A Bit Of BackgroundMost of our natural gas comes from wells in the U.S. and Canada. Demand is concentrated in the East, which is fed from pipelines starting in the Gulf of Mexico or entering from Quebec and Ontario. The situation is a bit different west of the Mississippi, but the point remains the same: nearly all the supply is local. Very little gas is imported from overseas as LNG (liquified natural gas). Gas pipeline capacity is limited in many areas, so to meet peak demands it's compressed and stored in pipelines and underground domes. The storage season starts at winter's end, and runs for several months during the summer. When storage is full, gas demand and wholesale price both drop.
But when storage is too low, competition in the following winter for the last few decatherms causes prices to spike, with one week's gas price being double that of the prior week. Only when demand drops (due to a warm snap, economic slump, or plant shutdowns) does the price come down again.
Over the last three to four years, the situation got worse as more gas-fired power plants came on-line and fewer new gas wells were drilled. Those new power plants help keep our lights on, so gas flowing to them competes with building heating and industrial loads. Environmental restrictions on burning fuel oil have also led to more gas being used to heat new homes and buildings. New wells were drilled in the '90s, but many are now played out and more are needed to match increasing demand. In the wake of the Enron bankruptcy and California debacle, credit problems arose for gas supply developers, limiting growth of new gas resources. Some see restoration of Iraqi oil supplies as helping, but it will likely be several years before that has any impact in the U.S.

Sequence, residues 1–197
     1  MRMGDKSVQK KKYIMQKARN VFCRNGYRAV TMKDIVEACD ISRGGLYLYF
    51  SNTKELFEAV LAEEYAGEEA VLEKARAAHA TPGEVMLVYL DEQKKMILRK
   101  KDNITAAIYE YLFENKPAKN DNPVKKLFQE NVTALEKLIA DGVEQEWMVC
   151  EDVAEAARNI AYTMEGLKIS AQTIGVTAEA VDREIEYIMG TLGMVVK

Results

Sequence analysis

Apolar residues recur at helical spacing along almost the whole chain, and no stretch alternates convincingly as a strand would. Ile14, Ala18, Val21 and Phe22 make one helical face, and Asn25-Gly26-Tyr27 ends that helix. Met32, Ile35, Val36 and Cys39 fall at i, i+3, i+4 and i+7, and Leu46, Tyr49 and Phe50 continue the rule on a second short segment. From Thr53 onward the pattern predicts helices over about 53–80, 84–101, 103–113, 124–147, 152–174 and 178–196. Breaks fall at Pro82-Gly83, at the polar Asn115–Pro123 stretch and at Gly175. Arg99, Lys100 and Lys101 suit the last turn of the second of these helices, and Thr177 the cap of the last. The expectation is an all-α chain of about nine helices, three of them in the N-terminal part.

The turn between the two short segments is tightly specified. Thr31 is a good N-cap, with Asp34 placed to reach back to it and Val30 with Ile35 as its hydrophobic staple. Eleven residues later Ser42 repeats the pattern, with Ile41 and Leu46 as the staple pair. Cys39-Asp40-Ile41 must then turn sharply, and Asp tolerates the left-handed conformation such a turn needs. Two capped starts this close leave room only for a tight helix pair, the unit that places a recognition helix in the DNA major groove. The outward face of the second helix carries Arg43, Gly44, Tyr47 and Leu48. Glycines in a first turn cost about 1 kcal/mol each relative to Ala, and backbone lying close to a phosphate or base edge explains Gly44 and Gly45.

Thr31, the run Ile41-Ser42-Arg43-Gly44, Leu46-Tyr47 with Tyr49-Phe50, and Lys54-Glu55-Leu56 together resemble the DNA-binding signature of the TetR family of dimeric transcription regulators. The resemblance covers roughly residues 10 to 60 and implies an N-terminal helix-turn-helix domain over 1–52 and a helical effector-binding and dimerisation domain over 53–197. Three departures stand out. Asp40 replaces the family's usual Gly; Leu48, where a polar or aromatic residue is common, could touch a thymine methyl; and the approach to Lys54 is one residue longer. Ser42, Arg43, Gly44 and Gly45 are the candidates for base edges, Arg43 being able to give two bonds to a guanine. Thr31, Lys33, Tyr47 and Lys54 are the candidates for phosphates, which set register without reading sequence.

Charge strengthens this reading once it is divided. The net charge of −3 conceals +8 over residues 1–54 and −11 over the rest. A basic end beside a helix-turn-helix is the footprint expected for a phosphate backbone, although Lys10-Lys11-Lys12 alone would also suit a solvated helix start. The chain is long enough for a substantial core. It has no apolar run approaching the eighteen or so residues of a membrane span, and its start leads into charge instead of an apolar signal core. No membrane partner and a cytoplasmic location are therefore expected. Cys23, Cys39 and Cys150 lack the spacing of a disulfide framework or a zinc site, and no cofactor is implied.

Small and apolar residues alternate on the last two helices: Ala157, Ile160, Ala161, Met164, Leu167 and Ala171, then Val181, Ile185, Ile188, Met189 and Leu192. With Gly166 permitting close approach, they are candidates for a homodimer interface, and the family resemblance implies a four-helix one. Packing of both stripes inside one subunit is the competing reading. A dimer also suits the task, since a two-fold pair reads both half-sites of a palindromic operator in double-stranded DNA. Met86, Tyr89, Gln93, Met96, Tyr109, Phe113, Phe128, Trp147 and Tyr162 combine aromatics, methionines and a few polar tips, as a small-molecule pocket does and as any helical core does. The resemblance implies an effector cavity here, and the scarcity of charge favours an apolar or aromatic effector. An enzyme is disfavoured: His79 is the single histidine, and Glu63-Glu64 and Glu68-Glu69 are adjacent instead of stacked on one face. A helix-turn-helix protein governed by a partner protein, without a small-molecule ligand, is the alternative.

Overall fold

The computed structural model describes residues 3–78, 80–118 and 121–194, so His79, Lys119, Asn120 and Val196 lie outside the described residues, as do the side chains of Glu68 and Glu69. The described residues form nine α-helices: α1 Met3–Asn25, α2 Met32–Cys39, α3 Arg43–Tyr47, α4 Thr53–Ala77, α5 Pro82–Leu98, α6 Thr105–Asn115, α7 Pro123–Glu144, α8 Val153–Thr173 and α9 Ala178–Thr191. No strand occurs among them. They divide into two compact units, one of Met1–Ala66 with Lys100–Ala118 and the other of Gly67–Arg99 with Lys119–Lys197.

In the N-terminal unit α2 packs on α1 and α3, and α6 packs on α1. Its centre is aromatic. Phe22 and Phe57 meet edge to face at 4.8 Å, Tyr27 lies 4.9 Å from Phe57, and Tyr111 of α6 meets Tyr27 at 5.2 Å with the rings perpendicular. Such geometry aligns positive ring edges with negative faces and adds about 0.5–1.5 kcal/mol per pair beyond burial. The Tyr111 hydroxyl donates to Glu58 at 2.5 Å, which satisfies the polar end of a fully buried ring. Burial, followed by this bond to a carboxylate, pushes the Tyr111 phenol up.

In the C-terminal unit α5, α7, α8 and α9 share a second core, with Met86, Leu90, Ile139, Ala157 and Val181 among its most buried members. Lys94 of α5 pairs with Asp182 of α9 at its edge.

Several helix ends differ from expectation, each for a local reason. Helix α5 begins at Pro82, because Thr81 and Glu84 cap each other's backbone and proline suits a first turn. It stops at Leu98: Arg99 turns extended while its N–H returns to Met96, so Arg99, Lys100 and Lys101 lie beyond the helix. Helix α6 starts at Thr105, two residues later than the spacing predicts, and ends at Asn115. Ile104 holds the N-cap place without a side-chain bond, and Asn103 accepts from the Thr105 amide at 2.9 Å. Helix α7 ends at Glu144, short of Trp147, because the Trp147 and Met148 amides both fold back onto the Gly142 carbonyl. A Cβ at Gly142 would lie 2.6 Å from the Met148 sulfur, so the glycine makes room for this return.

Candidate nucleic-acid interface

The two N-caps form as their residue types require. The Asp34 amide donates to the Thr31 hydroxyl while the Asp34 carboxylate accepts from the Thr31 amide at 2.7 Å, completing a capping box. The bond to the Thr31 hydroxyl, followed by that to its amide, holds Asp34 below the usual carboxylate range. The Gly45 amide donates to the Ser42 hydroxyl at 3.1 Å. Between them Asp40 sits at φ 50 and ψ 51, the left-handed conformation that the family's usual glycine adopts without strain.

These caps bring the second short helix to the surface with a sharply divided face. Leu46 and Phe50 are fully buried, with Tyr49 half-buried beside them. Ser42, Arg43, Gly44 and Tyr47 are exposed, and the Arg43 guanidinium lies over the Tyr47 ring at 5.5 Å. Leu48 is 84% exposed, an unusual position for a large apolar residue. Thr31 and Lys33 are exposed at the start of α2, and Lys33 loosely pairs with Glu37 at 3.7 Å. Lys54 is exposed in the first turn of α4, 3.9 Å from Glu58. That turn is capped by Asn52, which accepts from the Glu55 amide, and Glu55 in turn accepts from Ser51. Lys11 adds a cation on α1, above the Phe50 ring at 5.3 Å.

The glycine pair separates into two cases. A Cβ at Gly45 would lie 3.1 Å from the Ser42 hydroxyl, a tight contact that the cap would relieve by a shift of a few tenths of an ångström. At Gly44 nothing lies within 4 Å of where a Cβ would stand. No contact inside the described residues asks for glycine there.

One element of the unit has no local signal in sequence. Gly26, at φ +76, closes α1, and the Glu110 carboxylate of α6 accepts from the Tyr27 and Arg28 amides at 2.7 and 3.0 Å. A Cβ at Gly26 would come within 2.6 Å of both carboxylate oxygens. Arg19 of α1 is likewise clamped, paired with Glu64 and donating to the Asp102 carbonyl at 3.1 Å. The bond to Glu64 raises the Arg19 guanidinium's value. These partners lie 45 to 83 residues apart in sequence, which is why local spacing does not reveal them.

Not Due To A Nasty WinterMany in the East saw last winter's sudden jump in degree-days as the reason for the runup in gas prices. While the cold did make things worse, evidence exists to show that prices would have been high even with a normal winter. A very good analysis of the situation by Andrew Weismann, CEO of Energy Ventures Group (a wholesale dealer in natural gas), may be found at: www.energypulse.net/centers/article/article_display.cfm?a_id=324.
Weismann's thesis is simple: insufficient storage occurred last year, leading to high pricing. A deficit has developed leaving us with less gas in May 2003 than was had at the same time last year. Weismann's numbers show that getting our gas "account" to balance this winter will require filling storage at a rate never seen in U.S. history.
In a May television interview, he predicted more price spikes this winter than were seen last year and pointed out that a gas shortage could lead to insufficient gas to heat homes. Before that happens, commercial/industrial customers would be forced to switch to fuel oil or shut down their facilities. If the economy picks up by late fall, industrial demand will be greater than last year, further exacerbating the problem.
What's a Smart Plant Manager to Do?By the time you read this, only a few months may remain to plan a response. Let your management know that it's time to contract with a gas supplier offering a fixed price contract. If your facility's boilers use only natural gas, consider changing to dual-fuel burners and installing a backup fuel source (e.g., fuel oil or propane). If a night/weekend temperature setback system is not in place or in use, make it so. Seal those drafty windows and doors, and fix those leaking steam traps. Set up a procedure for reducing interior temperatures if things get bad. Tell employees to keep a sweater at work. Watch out for electric spot heaters, however: if nearby power plants run on natural gas, you can expect winter power prices to spike, too.
Hopefully, a warm winter, a still-sluggish economy, and a recovering gas drilling industry will make all these predictions wrong. But don't bet your energy budget on it. ES